Best Practices: Applying Thermal-Chem Coatings

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Using Thermal-Chem coatings should follow these best practices.

Application tools needed:

  • Spiked shoes
  • Flat or notched rubber squeegee
  • Extension pole
  • 3/8” nap non-shed roller covers (9” for small jobs, 18” for larger projects)
  • 2” chip brushes for “cutting in” around edges and columns
  • Rags, disposable gloves, trash bags, tape
  • Low-speed drill (extra batteries if using cordless)
  • Proper mix blade-Jiffy blades are highly recommended
  • Mix area protection-cardboard or drop cloth

Conditioning MaterialsThermal-Chem materials will flow best and be easier to apply if they are allowed to “acclimatize” or are stored for at least 24 hours at the jobsite temperatures.

Colder Temperature Projects (<55 Degrees F)  Colder resinous materials when stored in colder temperatures may be more difficult to apply due to an increase in the products viscosity.

Warmer Temperature Projects (>75 Degrees F)  Resinous coatings create heat during the curing process.  When materials are stored in warmer conditions they will “kick” or begin the cure process quicker, making application and working times decrease.  Storing the Part B or hardener in a cooler environment will help increase working time.

 Setting Up a Mix Station

  • Protect the floor by using cardboard, tarps or drop clothes to prevent splashes and spills from hitting the floor. Make sure you have plenty of room to sort and mix products.
  • FULLY READ the Thermal-Chem product Technical Data Sheets (TDS) BEFORE making first batch.  There are many variations of mix ratios between products and manufacturers.
  • Use proper PPE (personal protective equipment) such as safety glasses, gloves, and arm protection such as a long sleeve shirt to prevent products from coming in contact with skin.

Mixing of Products

  • The person mixing is the most critical component in the success of the installation.  Thermal-Chem products are designed to be mixed at very precise ratios.
  • Always pre-mix the pigmented epoxies.
  • Mix using a low-speed drill. If materials are mixed too fast, air can be whipped into the product leading to bubbles forming on the floor. Avoid creating a vortex with the mixing paddle.
  • Pour the hardener into the bucket first and then the resin into the hardener. Hardeners have a lower viscosity and do a better job of “wetting” the mixing pail.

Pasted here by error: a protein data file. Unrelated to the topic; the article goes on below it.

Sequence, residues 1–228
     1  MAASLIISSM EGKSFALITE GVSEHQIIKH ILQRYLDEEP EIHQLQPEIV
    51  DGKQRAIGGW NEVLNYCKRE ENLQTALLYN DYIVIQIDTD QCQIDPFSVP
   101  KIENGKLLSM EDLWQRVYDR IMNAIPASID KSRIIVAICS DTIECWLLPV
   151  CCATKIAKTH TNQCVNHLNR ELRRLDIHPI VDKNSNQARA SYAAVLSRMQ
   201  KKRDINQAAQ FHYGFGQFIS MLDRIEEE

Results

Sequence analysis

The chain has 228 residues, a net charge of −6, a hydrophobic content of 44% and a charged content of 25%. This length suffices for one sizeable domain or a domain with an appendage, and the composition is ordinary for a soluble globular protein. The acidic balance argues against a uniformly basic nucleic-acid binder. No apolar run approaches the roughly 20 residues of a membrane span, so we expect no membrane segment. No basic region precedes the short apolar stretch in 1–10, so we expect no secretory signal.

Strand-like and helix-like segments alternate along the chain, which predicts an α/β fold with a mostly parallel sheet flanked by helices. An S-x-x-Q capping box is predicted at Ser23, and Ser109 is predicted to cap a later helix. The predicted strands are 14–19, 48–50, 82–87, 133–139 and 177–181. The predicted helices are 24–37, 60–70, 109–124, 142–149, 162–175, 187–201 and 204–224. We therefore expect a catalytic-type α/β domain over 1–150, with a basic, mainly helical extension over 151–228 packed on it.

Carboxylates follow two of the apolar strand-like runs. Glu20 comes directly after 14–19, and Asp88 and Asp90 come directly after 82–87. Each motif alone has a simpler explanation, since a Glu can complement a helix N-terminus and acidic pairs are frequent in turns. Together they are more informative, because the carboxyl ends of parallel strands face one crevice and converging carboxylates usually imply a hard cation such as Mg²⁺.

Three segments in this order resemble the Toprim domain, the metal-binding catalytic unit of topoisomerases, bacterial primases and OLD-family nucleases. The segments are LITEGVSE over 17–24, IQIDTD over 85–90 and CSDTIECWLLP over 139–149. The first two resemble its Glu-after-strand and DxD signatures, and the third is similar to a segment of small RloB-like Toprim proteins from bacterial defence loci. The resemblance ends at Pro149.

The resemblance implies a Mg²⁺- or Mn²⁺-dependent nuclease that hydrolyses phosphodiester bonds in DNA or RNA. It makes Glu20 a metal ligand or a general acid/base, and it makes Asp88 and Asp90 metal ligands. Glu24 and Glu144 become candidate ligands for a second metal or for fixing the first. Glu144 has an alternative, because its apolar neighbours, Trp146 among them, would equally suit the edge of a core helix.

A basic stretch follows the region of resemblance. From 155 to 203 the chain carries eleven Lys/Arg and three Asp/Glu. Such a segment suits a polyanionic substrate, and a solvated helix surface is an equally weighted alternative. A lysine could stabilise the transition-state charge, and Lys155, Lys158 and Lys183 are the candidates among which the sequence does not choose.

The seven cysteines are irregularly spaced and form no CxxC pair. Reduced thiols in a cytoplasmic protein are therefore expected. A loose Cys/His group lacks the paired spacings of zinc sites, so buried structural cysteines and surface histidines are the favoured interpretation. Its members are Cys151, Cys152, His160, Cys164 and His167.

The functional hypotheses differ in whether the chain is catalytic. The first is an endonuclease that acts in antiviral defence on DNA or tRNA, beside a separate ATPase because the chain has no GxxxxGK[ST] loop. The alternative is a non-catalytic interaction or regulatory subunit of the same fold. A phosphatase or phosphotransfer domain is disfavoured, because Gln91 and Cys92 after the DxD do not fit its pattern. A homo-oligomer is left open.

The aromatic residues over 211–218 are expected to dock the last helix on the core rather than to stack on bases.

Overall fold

• Understand the difference between “pot life” and “working time”.
    • Pot-Life – the amount of time once a curing agent comes in contact with a resin in a mixing container.
    • Working Time – once the products are properly mixed (usually 3-4 minutes, check TDS) and distributed onto the floor until the time when the products begin to set-up or become difficult to use due to an increase in viscosity.
  • Mixes that are made in larger mixing containers such as a 5-gallon bucket will begin to cure quicker due to the mass of both components.  For example, a 5-gallon mix will begin to “kick” quicker than a mix made in a 5-quart mixing container.
  • Epoxy Products – once mixed thoroughly should be poured onto the surface in ribbons to allow the applicator more working time.
  • Make sure to scrape out each measuring bucket fully and properly.
  • Polyurea/Polyaspartic Products – once thoroughly mixed should remain in the mixing container and only poured onto the floor in an amount the applicator can properly spread in 10-15 minutes. (This is exactly opposite of epoxy products)
  • Make sure all products to be used SDS (Safety Data Sheets) are available on each jobsite.

Applying Resinous Products

  • De-lint roller covers using tape, simply roll a layer of tape around the entire roller cover then remove it.  This reduces “roller fuzz” ending up in the coating.
    • Pour mixed product onto floor surface in ribbons (around perimeter) DO NOT FLIP MIX BUCKET USED ONTO THE PROJECT FLOOR TO TRY AND CAPTURE RESIDUAL MATERIALS.  THIS WILL IN MOST CASES LEAVE A SPOT OF UNMIXED MATERIAL CREATING A SOFT SPOT.
  • Using the squeegee pull the materials across the floor surface at the approximate desired thickness.  The squeegee should be held at a 45-degree angle with medium pressure.  
  • Saturate the roller cover in the mixed product.  This process of “loading” the roller cover will help prevent air bubbles in the coating applied.
  • Using the saturated roller cover roll out the materials. (using a wet film gauge is a handy tool for applicators to use to check the mil thickness of materials applied.)
  • Back-roll entire surface.  This will be the method to ensure the liquids just applied are evenly applied.
      • Typical Coverage Rates* for Thermal-Chem’s high performance concrete coatings:
      • 100 square feet per gallon will yield a nominal 16 mils
      • 160 square feet per gallon will yield a nominal 10 mils
      • 200 square feet per gallon will yield a nominal 8 mils
      • *These are based on using 100% solids products

Clean-Up

  • Wash hands with soap and water.
  • Clean application tools and mixing blade with a solvent such as xylene or acetone.
  • Remove any tape used for edges, used buckets, roller covers etc., dispose of properly.

Applying Subsequent Coats

  • Check Thermal-Chem’s Technical Data Sheets for approximate cure times.
  • If applying an additional coat this should be completed within 24 hours.  If more than 24 hours the surface must be lightly abraded to ensure proper adhesion.

Applying Thermal-Chem’s portfolio of high-performance concrete coatings can be difficult if the applicator is not well informed.  Please see Thermal-Chem’s website; www.thermalchem.com, check our Technical Data Sheets, or contact your Thermal-Chem representative for any questions.

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